2004. Post-Colonial Criticism in the Age of Transnational Capital. Beijing: Peking University Press.

Fang, Ning, Wang, Xiaodong, and Song, Qiang

1999. Chinese Way in the Shadow of Globalization. Beijing: China Social Sciences Press.

Fang, Ning, and Wang, Xiaodong

2006. Imperialism Comes Back with a Briefcase under Arm. Economic Prospect 8: 54–55.

Friedman, Th.

1999. The Lexus and the Olive Tree – Understanding Globalization. Farrar: Straus & Giroux.

Giddens, A.

2000. Beyond Left and Right: The Future of Radical Politics. Beijing: Social Sciences Documents Press.

Gu, Hang

2008. Antiglobalization Movement in France: a Case Study of ATTAC. Zhejiang Academic Journal 6: 108–112.

He, Fang

1998. Issues about Economics Globalization. The Journal of World Economy 8: 10–14.

Hertz, N.

2001. The Silent Takeover. The Free Press.

Klein, N.

2000. No Logo. London: Flamingo.

Krishna-Hensel, S. F.

2005. Global Cooperation: Challenges and Opportunities in the Twenty-first Century. Ashgate Publishing.

Li, Hui

2002. Temporary Setbacks or Worse: Globalization in Danger. Foreign Social Sciences Digest 4.

Li, Shenming

2006. An Alternate Globalization: Prospect of Socialism in the 21st Century. Marxist Studies 1: 23–26.

Liu, Li

1998. The Economic Globalization: The Only Way for Developing Countries to Catch up. In Hu, Yuanxin and Xue, Xiaoyuan (eds.), Globalization and China (pp. 136–146). Central Compilation & Translation Press.

Martin, H.-P., and Schumann, H.

1998. The Global Trap. Beijing: Central Compilation and Translation Press.

Mittelman, J. H.

2002. Globalization Syndrome: Transformation and Boycott. Beijing: Xin Hua Publishing House.

Pang, Zhongying

2001. Another Sort of Globalization – Investigations and Reflections on Antiglobalization. World Economics and Politics 2: 5–11.

Pleyers, G.

2009. WSF 2009: A Generation's Challenge. URL: http://www.openspaceforum.net/ twiki/tiki-read_article.php?articleId=702

Qian, Jianxing, and Xiao, Wei

2002.The Gap between the North and the South in the Economic Globalization. Teaching and Research 6: 29–34.

Sen, A.

2000. Development as Freedom. New York: Anchor Books.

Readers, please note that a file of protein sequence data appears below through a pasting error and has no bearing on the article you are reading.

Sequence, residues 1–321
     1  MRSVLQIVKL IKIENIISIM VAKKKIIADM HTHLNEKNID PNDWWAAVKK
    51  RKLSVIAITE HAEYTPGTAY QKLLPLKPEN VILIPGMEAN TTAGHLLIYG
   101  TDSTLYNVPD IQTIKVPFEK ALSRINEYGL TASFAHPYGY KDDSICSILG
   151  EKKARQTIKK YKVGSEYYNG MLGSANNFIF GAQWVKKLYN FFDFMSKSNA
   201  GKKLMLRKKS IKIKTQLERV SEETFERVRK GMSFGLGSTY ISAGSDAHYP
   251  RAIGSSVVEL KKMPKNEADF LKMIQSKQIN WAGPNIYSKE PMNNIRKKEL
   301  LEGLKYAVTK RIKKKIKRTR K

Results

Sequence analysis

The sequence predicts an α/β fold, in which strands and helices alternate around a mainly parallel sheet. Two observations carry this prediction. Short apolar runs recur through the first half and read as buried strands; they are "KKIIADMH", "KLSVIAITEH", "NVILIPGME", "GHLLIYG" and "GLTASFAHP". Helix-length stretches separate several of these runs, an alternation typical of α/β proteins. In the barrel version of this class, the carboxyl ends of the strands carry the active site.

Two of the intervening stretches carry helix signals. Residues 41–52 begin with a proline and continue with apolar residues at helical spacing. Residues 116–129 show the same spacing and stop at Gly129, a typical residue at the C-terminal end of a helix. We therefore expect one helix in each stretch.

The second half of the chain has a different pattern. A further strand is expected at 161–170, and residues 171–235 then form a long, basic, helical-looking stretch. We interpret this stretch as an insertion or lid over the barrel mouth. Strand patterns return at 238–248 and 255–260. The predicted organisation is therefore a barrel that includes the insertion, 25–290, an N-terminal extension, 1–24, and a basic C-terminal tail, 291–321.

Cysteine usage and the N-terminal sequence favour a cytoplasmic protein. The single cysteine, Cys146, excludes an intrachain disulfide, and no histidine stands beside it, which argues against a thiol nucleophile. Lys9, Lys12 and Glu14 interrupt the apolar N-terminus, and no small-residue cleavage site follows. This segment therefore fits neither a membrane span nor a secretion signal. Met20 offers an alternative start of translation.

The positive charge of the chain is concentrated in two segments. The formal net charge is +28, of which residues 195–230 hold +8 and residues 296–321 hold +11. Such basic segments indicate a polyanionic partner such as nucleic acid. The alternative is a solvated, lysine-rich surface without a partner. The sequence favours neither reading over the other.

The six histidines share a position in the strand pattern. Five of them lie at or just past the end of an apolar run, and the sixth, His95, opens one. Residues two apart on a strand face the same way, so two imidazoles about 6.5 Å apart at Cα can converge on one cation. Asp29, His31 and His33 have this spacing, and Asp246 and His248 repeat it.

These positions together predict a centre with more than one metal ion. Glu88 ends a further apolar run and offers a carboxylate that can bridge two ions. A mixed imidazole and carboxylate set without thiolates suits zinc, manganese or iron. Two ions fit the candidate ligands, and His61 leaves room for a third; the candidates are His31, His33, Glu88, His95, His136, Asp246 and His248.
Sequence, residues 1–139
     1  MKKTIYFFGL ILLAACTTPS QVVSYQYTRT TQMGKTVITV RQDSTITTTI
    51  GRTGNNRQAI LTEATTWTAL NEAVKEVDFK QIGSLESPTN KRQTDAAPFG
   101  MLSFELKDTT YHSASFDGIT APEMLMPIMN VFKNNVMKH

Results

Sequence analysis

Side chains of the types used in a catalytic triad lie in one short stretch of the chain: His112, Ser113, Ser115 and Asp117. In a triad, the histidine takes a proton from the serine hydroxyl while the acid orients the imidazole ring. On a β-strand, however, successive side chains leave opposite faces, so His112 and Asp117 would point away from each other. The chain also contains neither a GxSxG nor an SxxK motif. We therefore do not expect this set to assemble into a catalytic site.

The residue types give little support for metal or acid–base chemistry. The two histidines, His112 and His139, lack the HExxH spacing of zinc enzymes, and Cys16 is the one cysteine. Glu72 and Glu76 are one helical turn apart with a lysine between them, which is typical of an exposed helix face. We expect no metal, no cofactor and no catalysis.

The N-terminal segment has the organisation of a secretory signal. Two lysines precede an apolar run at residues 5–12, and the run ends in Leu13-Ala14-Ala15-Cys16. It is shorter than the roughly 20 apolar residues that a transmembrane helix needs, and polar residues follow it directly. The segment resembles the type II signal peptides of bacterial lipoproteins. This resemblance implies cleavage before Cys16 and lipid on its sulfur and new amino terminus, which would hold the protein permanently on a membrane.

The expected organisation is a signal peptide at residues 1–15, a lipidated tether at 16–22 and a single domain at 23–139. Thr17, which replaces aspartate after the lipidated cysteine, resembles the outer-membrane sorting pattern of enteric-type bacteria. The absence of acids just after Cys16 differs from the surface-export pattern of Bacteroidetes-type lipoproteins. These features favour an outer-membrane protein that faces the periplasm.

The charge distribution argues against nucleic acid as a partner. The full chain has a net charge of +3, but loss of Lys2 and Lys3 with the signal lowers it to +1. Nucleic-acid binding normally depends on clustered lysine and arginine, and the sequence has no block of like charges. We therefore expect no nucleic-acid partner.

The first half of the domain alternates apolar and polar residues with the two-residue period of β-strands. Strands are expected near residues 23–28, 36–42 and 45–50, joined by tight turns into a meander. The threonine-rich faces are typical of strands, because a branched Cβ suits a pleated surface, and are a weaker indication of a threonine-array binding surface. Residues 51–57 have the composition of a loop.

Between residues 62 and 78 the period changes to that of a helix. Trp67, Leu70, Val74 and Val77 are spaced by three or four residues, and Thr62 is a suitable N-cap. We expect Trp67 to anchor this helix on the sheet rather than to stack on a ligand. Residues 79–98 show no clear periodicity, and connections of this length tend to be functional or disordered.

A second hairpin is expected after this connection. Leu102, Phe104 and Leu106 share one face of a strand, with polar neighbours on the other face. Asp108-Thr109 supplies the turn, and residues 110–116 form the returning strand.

Shen, Xiangping

1999. Ideological Trap of Globalization. Modern Philosophy 2: 44–48.

Tan, Junjiu

1998. Thoughts and Discussions about Globalization. In Yu, Keping, and Huang, Weiping (eds.), The Paradox of Globalization (pp. 127–136). Beijing: Central Compilation and Translation Press.

Wang, Ning, and Xue, Xiaoyuan

1998. Globalization and Post-Colonial Criticism. Beijing: Chinese Central Compilation & Translation Press.

Wang, Jin, and Zhao, Chao

2008. Alterglobalism, Anti-capitailism: a Choice of World Politics. Foreign Theoretical Trends 1: 1–8, 20.

Wang, Jisi

2000. Is Globalization Westernization? Half-Monthly Talk 10: 27.

Wei, Jianlin

1997. History Has No Full Stop. Beijing: Beijing Normal University Press.

Wolf, M.

2005. Why Globalization Works. New Haven: Yale University Press.

WSK

2001. World Social Forum Charter of Principles. URL: www.wsfindia.org/?q=node/3

Xinhuawang

2010. On New Trends of Capitalism. URL: http://news.xinhuanet.com/theory/2010-03/01/content_13033471.htm

Yang, Chaoren, and Han, Zhiwei

1998. Globalization and National Rejuvenate. In Yu, Keping and Huang, Weiping (eds.), The Paradox of Globalization (pp. 137–147). Beijing: Central Compilation & Translation Press.

Yang, Xuedong

2002. Globalization: The Western Front Theories. Beijing: Social Sciences Documents Press.

Yu, Wenlie

2003. Globalization, Antiglobalization and the Future of Socialism. Marxist Studies 4: 53–62.

Yue, Changling

1995. A General View on Western Globalization Theories. Strategy and Management 6: 84–95.

Zhang, Jinxia

2008. A Probe into Fidel Castro's Thinking on Globalization and Antiglobalization. Academic Review 10: 92–96.

Zheng, Yuanyuan

2001. The Farmer Bowei and the French View of Globalization. People's Daily Aug. 17.

Zyuganov, G. A.

2004. Globalization and the Human Destiny. Beijing: Xinhua Press.